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Re: Re: Re: Re: Re: Bug Report - Two numerical values for a same variable


The answer is that actually is is as you expected:

In[5]:=
FullForm[Hold[2 + 3*I]]

Out[5]//FullForm=
FullForm[Hold[2 + 3*I]]



FullForm[Hold[2/3]]


Hold[Times[2,Power[3,-1]]]


What happens is that 2+3 I is not an atom when it is entered


AtomQ[Unevaluated[2+3I]]

False

but after evaluation its FullForm becomes Complex[2,3] and it becomes 
an atom.

There are several plausible reasons for this. The one that convinces me 
most is as I described: so that you can treat all numbers in the same 
when using pattern matching or functions that admit level 
specifications. The other is indeed to do with performance: Real and 
Complex certainly are analogous to types, particularly when you use 
Compile. I am not however sure that this actually needs Complex[2,3] to 
be an atom; pattern matching and levels seems to me a more convincing 
reason.

Andrzej Kozlowski


On 20 Feb 2005, at 06:08, Murray Eisenberg wrote:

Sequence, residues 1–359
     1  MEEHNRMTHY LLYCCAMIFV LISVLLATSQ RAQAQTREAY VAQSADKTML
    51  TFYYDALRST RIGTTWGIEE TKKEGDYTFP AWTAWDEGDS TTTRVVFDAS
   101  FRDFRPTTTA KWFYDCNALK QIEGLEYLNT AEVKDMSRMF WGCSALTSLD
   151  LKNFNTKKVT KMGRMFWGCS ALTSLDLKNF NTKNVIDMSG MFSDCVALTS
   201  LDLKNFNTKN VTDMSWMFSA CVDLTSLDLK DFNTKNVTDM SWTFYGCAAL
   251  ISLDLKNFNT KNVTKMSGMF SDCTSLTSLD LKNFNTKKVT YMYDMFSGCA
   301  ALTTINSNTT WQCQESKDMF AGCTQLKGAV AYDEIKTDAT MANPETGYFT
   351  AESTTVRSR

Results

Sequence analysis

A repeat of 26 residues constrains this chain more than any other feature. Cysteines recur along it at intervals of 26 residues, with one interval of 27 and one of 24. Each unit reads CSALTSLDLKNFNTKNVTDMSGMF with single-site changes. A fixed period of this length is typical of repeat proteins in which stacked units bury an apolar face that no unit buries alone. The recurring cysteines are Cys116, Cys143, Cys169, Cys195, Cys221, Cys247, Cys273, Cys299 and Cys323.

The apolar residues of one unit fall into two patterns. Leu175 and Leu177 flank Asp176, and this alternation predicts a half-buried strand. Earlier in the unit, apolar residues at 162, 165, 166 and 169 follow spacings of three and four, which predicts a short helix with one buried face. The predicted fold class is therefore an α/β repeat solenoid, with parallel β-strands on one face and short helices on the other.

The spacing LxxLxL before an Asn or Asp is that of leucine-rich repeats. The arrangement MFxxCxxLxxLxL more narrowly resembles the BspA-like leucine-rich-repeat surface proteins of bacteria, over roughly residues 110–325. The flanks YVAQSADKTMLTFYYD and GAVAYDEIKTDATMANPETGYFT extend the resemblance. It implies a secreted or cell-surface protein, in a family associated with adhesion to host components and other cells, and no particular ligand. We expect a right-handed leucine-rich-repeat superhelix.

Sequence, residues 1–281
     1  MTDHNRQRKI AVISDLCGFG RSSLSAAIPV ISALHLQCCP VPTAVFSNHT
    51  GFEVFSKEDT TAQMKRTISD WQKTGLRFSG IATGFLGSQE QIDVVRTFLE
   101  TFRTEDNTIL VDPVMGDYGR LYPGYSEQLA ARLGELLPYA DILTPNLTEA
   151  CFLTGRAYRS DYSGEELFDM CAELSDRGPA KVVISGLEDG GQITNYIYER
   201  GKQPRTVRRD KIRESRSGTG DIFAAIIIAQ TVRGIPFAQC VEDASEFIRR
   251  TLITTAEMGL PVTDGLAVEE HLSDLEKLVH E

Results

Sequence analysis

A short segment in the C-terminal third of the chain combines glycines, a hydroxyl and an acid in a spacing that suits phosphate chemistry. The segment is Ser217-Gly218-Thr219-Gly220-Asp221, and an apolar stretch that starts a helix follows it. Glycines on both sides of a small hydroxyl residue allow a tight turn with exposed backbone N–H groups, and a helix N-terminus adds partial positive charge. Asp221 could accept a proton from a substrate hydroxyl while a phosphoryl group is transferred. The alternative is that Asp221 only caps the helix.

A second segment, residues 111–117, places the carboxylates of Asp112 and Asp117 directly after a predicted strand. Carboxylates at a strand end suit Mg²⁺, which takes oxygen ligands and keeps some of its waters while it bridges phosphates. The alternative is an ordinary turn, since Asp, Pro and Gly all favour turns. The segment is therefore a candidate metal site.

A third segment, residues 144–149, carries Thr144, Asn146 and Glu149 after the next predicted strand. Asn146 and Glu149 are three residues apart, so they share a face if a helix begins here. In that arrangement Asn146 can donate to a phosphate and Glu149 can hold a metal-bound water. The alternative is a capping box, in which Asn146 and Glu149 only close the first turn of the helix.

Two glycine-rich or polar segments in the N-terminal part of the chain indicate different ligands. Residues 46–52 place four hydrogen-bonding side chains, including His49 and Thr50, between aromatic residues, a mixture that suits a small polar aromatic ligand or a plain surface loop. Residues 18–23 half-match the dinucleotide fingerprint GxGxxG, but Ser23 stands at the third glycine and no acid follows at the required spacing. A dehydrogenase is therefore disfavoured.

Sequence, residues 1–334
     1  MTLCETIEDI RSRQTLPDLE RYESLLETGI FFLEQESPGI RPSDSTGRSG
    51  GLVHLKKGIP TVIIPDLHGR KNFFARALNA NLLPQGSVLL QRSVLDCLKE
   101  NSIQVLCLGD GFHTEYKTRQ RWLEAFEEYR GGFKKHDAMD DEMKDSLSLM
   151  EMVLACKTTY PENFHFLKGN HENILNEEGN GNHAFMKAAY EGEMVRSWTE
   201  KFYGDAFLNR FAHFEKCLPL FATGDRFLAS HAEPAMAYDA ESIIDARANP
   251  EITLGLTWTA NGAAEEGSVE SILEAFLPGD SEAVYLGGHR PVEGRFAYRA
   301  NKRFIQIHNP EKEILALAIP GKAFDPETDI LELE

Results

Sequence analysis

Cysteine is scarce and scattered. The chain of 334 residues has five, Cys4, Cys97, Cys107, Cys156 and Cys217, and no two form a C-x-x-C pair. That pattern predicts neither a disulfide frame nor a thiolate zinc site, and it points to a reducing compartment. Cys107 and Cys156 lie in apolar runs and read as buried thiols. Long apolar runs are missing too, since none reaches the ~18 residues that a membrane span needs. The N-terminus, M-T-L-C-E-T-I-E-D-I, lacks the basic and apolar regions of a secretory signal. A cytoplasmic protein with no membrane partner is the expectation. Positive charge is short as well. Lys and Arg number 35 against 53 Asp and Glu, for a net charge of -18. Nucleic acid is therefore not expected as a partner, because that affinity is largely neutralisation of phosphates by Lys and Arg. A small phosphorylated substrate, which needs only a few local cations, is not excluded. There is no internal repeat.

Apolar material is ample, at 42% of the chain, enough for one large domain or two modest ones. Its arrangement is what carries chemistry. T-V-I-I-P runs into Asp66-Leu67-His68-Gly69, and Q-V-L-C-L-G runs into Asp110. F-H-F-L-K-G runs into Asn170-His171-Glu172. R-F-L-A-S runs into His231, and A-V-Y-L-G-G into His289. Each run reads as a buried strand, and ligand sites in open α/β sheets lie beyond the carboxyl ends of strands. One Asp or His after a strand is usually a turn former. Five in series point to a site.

> I understand everything you say.  Here's the crux, I think, of my not
> being able to "rationalize" Mathematica's definition of what is or is
> not an atom:
>
> Why is FullForm[2 + 3 I] not Plus[2, Times[3, I]]?
>
> Why is FullForm[2/3] not  Times[2, Power[3, -1]] ?
>
> My suspicion is that this was simply a design decision made for reasons
> of efficiency, and that therefore not much more can be said about it.
> That's what makes it hard for me to swallow and explain to others.
>
> P.S. Unlike some others, I have no difficulty with Mathematica counting
> such things as Complex[E, Pi] as meaningless (although syntactically
> correct).
>
>
> Andrzej Kozlowski wrote:
>> ...
>> Complex[Pi,E] does not have any meaning in Mathemaitca at all. Neither
>> does Complex[Sqrt[2],Sqrt[3]] etc. Complex[a,b] only has a meaning 
>> when
>> a and b are real numbers (exact or approximate).
>>
>> ...
>> Of course all of these statements refer to the design of the language.
>> To me they seem perfectly logical and natural. To you presumably not.
>> Well, then there is nothing else to say.
>
> -- 
> Murray Eisenberg                     murray at math.umass.edu
> Mathematics & Statistics Dept.
> Lederle Graduate Research Tower      phone 413 549-1020 (H)
> University of Massachusetts                413 545-2859 (W)
> 710 North Pleasant Street            fax   413 545-1801
> Amherst, MA 01003-9305
>
>


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